Santa Clara University’s Leavey School of Business has long been recognized by the Association to Advance Collegiate Schools of Business (AACSB), with the graduate program being among the first 31 to be accredited by AACSB. In addition to undergraduate degrees, the school offers master’s degrees through its evening, executive, and accelerated MBA programs, as well as in information systems. Read more
Graduate mechanical engineering student Anne Mahacek is headed to Los Angeles this weekend to watch a live taping of CBS’s Emmy and Golden Globe-winning comedy The Big Bang Theory. She won the VIP trip after entering a contest about a comical song that’s regularly featured on the show.
“I’ve watched the show for a while now and knew with my engineering skills that I could do something successful. It seemed like a fun opportunity,” says Mahacek, a loyal fan of the sitcom.
The show centers on five characters: two CalTech physicists, Sheldon and Leonard, their attractive neighbor Penny, who’s an aspiring actress working as a waitress, and Sheldon and Leonard’s equally geeky and socially awkward friends, an aerospace engineer and an astrophysicist.
Sheldon once goaded Penny into singing “Soft Kitty
,” a song sung to him when he was sick as a child. The song has become a bit of a running joke within the show.
CBS opened a contest looking for the most interesting fan performance of “Soft Kitty.” Rather than videotaping herself singing the song as many other people did, Mahacek used her engineering background as inspiration. She built a robot out of Legos, wheels, and some items lying around the house and then programmed it to recite the lyrics of “Soft Kitty,” while adhering to the formula she created for the song. The robot sings and moves along a poster board showing the formulas for each line of the lyrics. For instance, the last line of the lullaby, “Purr…purr…purr,” is represented by the equation “purr3.”
“I knew I had to do something nerdy for the video, because The Big Bang Theory often uses real science,” she says.
She said that the entire process “only took a few hours,” largely because she was already quite familiar with robotic systems since that’s what she’s currently studying at Santa Clara University.
Mahacek said that she couldn’t believe her good fortune when she was contacted by CBS. Her video has since been posted on The Big Bang Theory’s Facebook page
and CBS’s website
When the Wichita State University Shockers took the court in this year’s NIT, Terry Benton cheered them on, no doubt reminiscing about his days on the basketball team. Once a Shocker, always a Shocker, he says.
And what a Shocker he was. Currently the manager of SCU’s LINC-TV services, 40 years ago as a center/forward for the team, Benton set WSU rebounding records—four of which still stand: most rebounds in a single game (29); best all-time career rebounding average (12.7); highest average rebounds per game (16.8); and most recent triple-double (20 points, 22 rebounds, 10 assists against Tulsa in ’72.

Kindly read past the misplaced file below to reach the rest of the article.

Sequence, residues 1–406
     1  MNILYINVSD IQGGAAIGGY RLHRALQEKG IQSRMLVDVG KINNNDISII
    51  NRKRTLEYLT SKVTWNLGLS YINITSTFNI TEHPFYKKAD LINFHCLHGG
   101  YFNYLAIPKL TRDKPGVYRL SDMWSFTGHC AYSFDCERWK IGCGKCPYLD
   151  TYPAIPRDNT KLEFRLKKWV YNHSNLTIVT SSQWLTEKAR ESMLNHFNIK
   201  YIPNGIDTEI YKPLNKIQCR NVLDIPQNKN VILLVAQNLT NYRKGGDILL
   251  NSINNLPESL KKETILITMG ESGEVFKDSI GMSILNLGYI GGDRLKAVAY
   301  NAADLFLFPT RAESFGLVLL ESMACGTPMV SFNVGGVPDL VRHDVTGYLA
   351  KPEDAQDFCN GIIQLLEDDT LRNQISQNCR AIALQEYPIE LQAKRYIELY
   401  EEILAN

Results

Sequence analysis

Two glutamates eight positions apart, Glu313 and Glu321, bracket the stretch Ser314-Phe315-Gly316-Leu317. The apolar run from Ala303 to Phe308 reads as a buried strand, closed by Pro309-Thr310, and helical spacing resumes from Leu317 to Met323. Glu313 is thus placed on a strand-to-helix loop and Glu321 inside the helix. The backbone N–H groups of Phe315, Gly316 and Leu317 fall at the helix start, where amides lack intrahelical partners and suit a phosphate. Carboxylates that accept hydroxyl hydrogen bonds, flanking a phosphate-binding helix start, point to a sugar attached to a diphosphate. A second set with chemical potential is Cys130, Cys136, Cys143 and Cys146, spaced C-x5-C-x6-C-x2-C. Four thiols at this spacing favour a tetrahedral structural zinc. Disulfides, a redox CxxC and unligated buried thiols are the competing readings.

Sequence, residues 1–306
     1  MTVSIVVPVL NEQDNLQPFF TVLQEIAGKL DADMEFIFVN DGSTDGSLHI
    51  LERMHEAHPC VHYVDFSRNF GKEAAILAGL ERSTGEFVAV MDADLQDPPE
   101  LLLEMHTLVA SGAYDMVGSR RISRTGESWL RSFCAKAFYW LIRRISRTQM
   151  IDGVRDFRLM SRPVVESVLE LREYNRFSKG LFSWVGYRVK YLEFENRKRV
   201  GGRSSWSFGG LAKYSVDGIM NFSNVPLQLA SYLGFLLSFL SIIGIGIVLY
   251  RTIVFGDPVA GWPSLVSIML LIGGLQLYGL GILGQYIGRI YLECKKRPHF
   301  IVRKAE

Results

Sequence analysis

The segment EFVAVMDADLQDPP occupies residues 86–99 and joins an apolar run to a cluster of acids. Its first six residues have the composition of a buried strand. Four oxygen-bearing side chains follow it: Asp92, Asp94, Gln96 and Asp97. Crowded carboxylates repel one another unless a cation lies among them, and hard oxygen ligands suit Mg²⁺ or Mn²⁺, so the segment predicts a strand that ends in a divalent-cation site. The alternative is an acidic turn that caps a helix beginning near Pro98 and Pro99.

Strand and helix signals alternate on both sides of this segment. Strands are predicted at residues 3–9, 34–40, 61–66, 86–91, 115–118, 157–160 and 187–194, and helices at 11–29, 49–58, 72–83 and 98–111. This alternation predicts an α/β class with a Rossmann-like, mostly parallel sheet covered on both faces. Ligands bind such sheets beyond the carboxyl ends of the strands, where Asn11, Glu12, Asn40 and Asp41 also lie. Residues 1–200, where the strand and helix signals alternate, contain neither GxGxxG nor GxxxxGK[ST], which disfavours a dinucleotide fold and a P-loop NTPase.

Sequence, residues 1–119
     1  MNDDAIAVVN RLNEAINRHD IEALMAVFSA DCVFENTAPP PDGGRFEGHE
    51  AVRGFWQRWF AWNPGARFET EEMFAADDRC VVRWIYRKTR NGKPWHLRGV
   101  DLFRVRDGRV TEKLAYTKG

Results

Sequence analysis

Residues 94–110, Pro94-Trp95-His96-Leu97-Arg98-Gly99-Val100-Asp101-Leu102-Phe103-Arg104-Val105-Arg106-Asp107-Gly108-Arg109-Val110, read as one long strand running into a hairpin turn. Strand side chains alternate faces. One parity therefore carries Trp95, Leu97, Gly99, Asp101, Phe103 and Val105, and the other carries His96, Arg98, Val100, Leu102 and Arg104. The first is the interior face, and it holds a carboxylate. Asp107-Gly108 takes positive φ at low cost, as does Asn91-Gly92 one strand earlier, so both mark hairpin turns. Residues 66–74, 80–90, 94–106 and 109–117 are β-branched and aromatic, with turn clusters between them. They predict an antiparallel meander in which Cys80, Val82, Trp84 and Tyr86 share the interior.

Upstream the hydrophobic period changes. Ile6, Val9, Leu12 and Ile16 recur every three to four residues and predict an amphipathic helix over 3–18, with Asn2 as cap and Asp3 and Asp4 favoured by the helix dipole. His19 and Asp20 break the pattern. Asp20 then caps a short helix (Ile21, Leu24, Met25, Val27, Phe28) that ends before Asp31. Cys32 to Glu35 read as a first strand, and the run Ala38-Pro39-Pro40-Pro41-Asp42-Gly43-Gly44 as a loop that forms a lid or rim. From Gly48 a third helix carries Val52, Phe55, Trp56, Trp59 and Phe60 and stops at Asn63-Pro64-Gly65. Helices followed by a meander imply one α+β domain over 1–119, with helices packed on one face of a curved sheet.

He responds humbly when asked about his record-setting days as a Shocker. “I’m pleased somebody sill remembers. Forty years is a long time ago,” he says. “It was a privilege, not a right, to go to college, to play team sports. I think too many gifted—and less gifted—athletes forget that sometimes.”
Benton set those records in a three-year period, 1969–72. At the time, freshmen were ineligible to play “with the big boys.” With no shot clock and several excellent shooters on his squad, rebounding became his forte. “They didn’t pass the ball very much, so I figured if I’m going to get the ball, I better go get it myself,” he laughs.
But he wasn’t focused on setting records. “I never really thought of numbers, because for two years, we weren’t very good. We didn’t win very much. I don’t care what anyone says—if you get 20 points, you get 20 rebounds, and you still lose; that may be OK to read about in the paper, but your buddies will still say, ‘You guys lost last night,’” he says.
After college, the basketball star was chosen to play with the Detroit Pistons in the NBA draft, with Kentucky Colonels in the ABA draft, and with the Harlem Globetrotters. He turned them all down to play in Varese, Italy. “I had a great year. I was leading the league in rebounding and scoring well. Then I popped my Achilles’ tendon. It was career over. Game over,” he says.
With his degree in broadcast journalism, he worked in radio and television for several years before moving into information technology as a general communications contractor. In addition to owning TBI West Coast, he has been managing SCU’s cable services for 16 years. “Best move I ever made,” he says.
Even in his IT career, though, Benton still taps into lessons learned in basketball: Bloom where you’re planted. Share. Don’t be selfish. Be a team player. “Basketball teaches you that you have to have a team to move forward, to be successful,” he says. “No matter how good you are, you can’t beat five guys by yourself.”